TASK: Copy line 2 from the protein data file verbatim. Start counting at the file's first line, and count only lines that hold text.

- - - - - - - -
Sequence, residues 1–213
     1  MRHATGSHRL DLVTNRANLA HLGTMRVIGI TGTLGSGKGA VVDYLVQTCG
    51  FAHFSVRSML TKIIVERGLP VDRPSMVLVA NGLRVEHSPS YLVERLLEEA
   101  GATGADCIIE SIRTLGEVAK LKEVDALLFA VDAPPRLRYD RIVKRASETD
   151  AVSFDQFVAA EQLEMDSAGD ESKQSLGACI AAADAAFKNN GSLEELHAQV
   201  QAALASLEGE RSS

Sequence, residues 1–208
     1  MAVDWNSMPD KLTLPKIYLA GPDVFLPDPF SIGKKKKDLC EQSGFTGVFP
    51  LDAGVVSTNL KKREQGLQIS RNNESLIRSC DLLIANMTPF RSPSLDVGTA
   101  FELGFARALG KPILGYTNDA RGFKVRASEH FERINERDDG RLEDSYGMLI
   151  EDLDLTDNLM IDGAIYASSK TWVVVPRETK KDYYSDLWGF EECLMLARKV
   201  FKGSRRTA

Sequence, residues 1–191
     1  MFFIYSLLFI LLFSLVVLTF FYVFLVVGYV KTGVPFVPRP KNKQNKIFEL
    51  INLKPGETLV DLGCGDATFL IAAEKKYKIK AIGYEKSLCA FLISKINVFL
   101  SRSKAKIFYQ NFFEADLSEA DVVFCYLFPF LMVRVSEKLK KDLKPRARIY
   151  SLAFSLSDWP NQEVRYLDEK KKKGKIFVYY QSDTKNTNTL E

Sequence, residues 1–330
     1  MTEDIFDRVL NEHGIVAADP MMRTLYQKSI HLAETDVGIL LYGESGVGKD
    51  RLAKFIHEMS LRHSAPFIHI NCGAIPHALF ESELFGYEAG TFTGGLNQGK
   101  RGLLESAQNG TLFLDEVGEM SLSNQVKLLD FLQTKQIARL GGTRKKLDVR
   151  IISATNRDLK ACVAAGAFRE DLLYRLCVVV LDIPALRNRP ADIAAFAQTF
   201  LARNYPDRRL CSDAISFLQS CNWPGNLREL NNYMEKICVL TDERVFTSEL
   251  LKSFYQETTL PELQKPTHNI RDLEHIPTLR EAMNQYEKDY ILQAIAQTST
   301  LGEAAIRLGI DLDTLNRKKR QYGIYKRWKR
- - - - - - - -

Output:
     1  MRHATGSHRL DLVTNRANLA HLGTMRVIGI TGTLGSGKGA VVDYLVQTCG